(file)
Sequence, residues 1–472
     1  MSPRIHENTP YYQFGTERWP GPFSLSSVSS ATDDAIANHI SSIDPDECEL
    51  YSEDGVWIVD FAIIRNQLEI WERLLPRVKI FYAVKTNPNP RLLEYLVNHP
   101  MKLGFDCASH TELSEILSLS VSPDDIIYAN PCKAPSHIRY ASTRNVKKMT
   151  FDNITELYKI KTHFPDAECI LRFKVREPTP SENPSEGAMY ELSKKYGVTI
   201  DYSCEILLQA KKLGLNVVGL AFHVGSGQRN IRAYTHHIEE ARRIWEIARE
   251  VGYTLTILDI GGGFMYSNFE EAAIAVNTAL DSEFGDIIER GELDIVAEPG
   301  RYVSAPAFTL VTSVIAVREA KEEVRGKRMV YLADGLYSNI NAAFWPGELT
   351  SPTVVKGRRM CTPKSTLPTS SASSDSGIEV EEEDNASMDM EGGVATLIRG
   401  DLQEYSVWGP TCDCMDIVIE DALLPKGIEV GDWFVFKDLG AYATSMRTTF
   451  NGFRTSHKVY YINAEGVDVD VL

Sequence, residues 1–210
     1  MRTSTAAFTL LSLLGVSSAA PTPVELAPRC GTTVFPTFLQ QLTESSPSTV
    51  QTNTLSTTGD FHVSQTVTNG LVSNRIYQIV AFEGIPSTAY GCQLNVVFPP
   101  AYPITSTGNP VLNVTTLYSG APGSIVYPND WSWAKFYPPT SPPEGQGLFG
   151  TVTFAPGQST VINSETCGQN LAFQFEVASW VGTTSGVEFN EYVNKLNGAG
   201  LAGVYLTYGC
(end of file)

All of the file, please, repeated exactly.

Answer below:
Sequence, residues 1–472
     1  MSPRIHENTP YYQFGTERWP GPFSLSSVSS ATDDAIANHI SSIDPDECEL
    51  YSEDGVWIVD FAIIRNQLEI WERLLPRVKI FYAVKTNPNP RLLEYLVNHP
   101  MKLGFDCASH TELSEILSLS VSPDDIIYAN PCKAPSHIRY ASTRNVKKMT
   151  FDNITELYKI KTHFPDAECI LRFKVREPTP SENPSEGAMY ELSKKYGVTI
   201  DYSCEILLQA KKLGLNVVGL AFHVGSGQRN IRAYTHHIEE ARRIWEIARE
   251  VGYTLTILDI GGGFMYSNFE EAAIAVNTAL DSEFGDIIER GELDIVAEPG
   301  RYVSAPAFTL VTSVIAVREA KEEVRGKRMV YLADGLYSNI NAAFWPGELT
   351  SPTVVKGRRM CTPKSTLPTS SASSDSGIEV EEEDNASMDM EGGVATLIRG
   401  DLQEYSVWGP TCDCMDIVIE DALLPKGIEV GDWFVFKDLG AYATSMRTTF
   451  NGFRTSHKVY YINAEGVDVD VL

Sequence, residues 1–210
     1  MRTSTAAFTL LSLLGVSSAA PTPVELAPRC GTTVFPTFLQ QLTESSPSTV
    51  QTNTLSTTGD FHVSQTVTNG LVSNRIYQIV AFEGIPSTAY GCQLNVVFPP
   101  AYPITSTGNP VLNVTTLYSG APGSIVYPND WSWAKFYPPT SPPEGQGLFG
   151  TVTFAPGQST VINSETCGQN LAFQFEVASW VGTTSGVEFN EYVNKLNGAG
   201  LAGVYLTYGC